This is an unusually personal post for me but sometimes writing down and sharing something helps me make progress toward a goal and working on this area (being too judgmental) and better managing the resulting anger and resentment that results is something I want/need to work on.
I strive to be a better person but somehow, even though I know what my biggest failing is, it’s hard to change. I have a strong sense of right and wrong and find it hard to deal with people who put self interest above those of others and I am very judgmental about that. Even when I tell myself that it’s not my job to judge, that they are the ones missing out, I find the resentment builds up.
I’ve actually come to terms with how to treat these people in my life and it may sound harsh but about 15 years ago, I decided that I would not expend energy on maintaining those difficult relationships anymore. I don’t benefit from them so why should I make the effort but I do find it hard to let go of the anger and resentment.
So in comes the concept of forgiveness – it’s not something I’m comfortable with and there are very few people in my life that I care enough about to be willing to find my way though the process but in the interest of becoming a healthier person, I’ve been trying to find a way to let go of the negativity and yes, I still need to work more on the judgmental part!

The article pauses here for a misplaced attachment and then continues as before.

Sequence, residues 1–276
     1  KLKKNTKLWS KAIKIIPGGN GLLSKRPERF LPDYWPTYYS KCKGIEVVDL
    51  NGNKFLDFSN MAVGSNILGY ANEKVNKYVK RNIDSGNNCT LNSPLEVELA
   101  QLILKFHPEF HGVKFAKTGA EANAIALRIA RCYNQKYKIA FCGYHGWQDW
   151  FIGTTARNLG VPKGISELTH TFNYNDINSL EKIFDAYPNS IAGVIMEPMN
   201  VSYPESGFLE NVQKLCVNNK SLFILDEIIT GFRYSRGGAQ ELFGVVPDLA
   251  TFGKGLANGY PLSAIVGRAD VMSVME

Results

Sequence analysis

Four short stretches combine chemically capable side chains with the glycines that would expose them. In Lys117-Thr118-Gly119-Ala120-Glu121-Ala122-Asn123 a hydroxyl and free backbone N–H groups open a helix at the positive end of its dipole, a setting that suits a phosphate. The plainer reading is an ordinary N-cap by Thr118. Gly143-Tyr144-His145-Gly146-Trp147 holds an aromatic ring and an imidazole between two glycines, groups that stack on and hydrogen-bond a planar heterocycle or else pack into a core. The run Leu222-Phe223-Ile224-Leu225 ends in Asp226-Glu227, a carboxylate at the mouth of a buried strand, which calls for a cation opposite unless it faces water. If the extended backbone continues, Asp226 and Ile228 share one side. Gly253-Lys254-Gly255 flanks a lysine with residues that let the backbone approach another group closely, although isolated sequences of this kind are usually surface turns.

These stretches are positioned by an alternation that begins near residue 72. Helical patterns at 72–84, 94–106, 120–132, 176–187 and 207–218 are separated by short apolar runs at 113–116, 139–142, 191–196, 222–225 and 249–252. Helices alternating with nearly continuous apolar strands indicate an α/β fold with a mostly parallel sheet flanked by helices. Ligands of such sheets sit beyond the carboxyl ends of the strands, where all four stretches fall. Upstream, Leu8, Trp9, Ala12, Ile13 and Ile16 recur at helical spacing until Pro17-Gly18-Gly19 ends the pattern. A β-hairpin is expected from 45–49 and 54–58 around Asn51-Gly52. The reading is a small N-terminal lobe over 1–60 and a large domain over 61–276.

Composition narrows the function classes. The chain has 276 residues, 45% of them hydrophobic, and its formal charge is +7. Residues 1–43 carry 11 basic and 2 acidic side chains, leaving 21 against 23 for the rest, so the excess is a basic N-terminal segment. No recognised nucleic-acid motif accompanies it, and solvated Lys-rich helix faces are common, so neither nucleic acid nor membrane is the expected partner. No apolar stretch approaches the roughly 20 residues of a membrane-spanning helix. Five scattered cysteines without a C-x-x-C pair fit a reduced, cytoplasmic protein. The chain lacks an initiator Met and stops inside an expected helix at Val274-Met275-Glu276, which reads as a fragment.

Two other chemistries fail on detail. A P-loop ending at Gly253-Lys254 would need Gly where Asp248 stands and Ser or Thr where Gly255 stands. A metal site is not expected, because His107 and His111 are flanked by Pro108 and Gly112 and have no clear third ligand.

First, the definition
Forgiveness is the letting go of a grievance or judgment that you hold against someone else. When you forgive you also let go of feelings of bitterness, resentment, and vengeance.
Second, I agree with her about the results of hanging on to resentment on me
Anger, bitterness, hate—these emotions weigh heavily on your body and in your thoughts. When you don’t process and release your emotions, they remain trapped inside you and can cause physical ailments like stomachaches and high blood pressure and can worsen depression and anxiety. When you forgive and let go of a grievance, you are freeing your body and your mind.
Third, one of the reasons I find it difficult to forgive is that I don’t believe people who don’t change their behavior deserve it so I really like this part:
- Forgiveness doesn’t mean you are pardoning or excusing the other person’s actions.
- Forgiveness doesn’t mean you need to tell the person that he or she is forgiven.
- Forgiveness doesn’t mean you shouldn’t have any more feelings about the situation.
- Forgiveness doesn’t mean there is nothing further to work out in the relationship or that everything is okay now.
- Forgiveness doesn’t mean you should forget the incident ever happened.
- Forgiveness doesn’t mean you have to continue to include the person in your life.
- … and forgiveness isn’t something you do for the other person.
Finally, as an exercise – I like the idea of writing a letter (that NEVER gets sent!) She suggests:
A letter writing exercise. Find a quiet space, some uninterrupted time, and a pen or pencil and paper. Write a letter to the person who hurt you. Write out your feelings, your thoughts, your experiences, and your anger. Remember, this letter is for you. No one else ever has to read it.